Last weekend, I gave a talk at a philosophy of mathematics conference up in St Andrews: the Arche "Status Belli" conference. The conference marked the end of a major AHRC-funded project on the philosophy of mathematics at the Arche centre. I was a PhD student within that project for many years, and though I kept getting distracted into other areas (notably the other Arche projects, in Vagueness and Modality), it has a great big place in my heart. One thing I note with approval: Arche PhD students now seem to be doing loads of (linguistics-informed) philosophy of language. Since Herman Cappelan has just been appointed to a professorship there, no doubt this will continue. In my time, the centre was dominated by phil logic, epistemology and metaphysics: as my interests run centrally to phil language (as well as phil logic and metaphysics), I heartily approve of the current emphasis!
Working in the project was a really great experience, and seems to have been an objective success, to judge by all the philosophy that came out of it. It certainly gave me an appreciation of how much sheer work there is to be done in philosophy: the whole of philosophy exists in microcosm in a well-chosen problem. Over the years, the project got me working and thinking about the theory of truth and liar-like paradoxes, higher-order and plural logics, issues in the epistemology of basic knowledge and their relation to skepticism, Quinean and rival takes on ontological commitment, metaphysics of abstract objects, the applicability of mathematics, and (what I ended up writing my thesis on) the putative determinacy of reference and arguments for various forms of inscrutability.
Anyway, my paper at the conference was on the issue that I had intended to work on when I first arrived at St Andrews: the philosophy of the complex numbers, neofregean treatments of them and special issues of determinacy of reference that arise.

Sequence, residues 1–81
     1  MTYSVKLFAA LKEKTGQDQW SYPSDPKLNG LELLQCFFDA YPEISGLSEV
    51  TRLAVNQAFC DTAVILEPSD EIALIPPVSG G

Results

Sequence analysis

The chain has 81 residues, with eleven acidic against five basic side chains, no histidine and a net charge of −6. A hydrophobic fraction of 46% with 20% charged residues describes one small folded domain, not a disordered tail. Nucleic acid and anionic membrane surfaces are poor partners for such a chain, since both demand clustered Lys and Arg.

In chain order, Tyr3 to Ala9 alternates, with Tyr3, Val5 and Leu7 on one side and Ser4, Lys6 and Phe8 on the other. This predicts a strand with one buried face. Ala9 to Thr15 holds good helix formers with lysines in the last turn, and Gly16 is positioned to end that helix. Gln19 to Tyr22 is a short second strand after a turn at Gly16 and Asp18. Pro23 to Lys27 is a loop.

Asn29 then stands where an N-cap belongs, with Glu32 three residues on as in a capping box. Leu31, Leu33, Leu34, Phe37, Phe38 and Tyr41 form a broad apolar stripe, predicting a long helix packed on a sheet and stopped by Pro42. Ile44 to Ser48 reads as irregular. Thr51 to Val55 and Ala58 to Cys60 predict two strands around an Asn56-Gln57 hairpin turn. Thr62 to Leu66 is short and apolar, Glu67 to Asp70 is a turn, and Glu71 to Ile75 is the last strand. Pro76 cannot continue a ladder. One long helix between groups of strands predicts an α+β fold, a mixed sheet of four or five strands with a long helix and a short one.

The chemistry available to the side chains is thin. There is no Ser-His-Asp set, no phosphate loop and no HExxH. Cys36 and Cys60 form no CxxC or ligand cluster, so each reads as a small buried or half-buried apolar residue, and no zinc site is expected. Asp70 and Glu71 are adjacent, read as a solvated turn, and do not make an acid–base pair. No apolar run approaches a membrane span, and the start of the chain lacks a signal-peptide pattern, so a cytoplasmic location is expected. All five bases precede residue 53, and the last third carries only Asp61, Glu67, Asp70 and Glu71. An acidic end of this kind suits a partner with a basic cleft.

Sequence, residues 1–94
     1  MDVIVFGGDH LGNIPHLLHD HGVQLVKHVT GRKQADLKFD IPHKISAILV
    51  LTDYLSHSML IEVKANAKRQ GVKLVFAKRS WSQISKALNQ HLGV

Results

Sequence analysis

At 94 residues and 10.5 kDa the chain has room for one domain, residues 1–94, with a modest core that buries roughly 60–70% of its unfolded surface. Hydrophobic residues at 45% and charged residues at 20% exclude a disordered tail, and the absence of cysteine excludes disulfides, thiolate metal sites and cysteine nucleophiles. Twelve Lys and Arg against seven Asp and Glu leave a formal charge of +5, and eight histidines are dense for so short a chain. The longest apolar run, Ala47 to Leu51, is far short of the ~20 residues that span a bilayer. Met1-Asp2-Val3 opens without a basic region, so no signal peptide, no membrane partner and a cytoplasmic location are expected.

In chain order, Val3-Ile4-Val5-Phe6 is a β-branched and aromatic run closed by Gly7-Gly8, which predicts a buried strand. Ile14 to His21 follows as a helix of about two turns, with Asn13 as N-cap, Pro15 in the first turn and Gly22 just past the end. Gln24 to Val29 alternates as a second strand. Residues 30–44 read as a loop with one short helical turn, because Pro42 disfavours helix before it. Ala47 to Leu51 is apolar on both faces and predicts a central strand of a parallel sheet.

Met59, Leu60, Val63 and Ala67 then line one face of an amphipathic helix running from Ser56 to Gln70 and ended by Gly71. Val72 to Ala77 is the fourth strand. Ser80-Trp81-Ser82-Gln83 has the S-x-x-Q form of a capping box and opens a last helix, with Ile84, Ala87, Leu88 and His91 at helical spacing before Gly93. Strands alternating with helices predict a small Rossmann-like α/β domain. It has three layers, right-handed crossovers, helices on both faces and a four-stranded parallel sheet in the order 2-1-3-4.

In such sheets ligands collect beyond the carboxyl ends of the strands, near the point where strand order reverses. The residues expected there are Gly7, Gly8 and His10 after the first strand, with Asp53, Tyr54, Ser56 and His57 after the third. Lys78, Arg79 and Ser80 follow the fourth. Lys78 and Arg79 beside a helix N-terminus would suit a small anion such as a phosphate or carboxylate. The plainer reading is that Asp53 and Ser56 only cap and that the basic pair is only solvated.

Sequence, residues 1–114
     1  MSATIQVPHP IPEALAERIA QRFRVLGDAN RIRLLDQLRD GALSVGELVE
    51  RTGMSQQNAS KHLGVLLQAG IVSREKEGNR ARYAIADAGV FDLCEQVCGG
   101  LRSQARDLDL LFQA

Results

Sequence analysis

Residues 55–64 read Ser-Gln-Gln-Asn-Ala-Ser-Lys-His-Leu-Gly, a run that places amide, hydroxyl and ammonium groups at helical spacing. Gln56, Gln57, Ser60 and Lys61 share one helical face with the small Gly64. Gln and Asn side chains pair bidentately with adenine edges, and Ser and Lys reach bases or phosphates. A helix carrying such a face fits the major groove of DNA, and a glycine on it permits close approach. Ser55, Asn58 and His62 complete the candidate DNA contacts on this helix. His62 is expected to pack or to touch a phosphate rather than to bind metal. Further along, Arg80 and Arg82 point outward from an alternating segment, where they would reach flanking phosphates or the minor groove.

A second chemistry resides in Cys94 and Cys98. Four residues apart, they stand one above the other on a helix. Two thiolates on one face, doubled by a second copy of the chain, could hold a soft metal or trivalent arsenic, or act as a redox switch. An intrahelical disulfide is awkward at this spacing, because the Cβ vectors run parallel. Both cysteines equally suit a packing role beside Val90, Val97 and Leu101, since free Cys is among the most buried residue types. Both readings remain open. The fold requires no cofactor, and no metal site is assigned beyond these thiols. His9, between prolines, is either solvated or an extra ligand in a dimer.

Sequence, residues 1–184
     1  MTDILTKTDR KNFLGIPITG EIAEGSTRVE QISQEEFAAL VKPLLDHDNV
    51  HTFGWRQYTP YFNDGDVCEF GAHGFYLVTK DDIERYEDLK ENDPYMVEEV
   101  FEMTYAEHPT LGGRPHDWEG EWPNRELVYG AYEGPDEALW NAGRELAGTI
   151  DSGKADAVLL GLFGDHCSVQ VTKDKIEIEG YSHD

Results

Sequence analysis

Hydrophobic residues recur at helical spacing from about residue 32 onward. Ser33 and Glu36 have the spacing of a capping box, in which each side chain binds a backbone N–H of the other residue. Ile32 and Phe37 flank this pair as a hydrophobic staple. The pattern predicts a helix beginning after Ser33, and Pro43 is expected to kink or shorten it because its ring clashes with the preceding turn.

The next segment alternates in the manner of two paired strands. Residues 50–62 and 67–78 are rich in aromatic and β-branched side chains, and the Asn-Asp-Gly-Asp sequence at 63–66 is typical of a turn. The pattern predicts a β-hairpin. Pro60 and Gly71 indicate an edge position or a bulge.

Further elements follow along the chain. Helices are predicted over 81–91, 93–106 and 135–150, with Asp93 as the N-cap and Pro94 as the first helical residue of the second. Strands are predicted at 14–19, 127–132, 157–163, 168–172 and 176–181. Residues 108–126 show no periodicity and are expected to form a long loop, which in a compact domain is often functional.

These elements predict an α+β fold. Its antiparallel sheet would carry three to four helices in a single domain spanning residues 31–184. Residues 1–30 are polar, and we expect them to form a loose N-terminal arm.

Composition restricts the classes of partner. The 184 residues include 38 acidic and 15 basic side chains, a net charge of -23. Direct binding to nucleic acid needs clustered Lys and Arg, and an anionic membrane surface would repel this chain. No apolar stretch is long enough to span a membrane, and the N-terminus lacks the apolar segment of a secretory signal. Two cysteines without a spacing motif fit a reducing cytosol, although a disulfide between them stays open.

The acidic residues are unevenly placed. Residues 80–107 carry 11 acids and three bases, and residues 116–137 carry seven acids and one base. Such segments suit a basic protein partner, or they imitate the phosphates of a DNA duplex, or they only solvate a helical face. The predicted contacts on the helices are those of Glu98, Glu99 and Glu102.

Following the conference, Agustin Rayo who was giving also giving a talk at the conference, travelled down to Leeds, presenting a paper drawn from his current project "On specifying content". The basic idea is that we should distinguish between the metalinguistic resources we need in order to give a (systematic, compositional) specification of the content of some belief (about the number of planets, or macroscopic objects, or higher-order quantification, or whatever) and the ontological/other commitments we build into the content as a prerequist for that content being true at a world. He gives a really detailed treatment of how this might work.
I think this stuff looks really exciting, with potential applications all over the place (for example, as I read him, Joseph Melia has been arguing for a while that something like the expressive resources/metaphysical demands distinction is crucial in a series of debates in modality, philosophy of mathematics, and elsewhere). I'm hoping to get to grips with it well enough to present and evaluate an application of it to defend mereological nihilism in the upcoming Structure in Metaphysics event here in Leeds.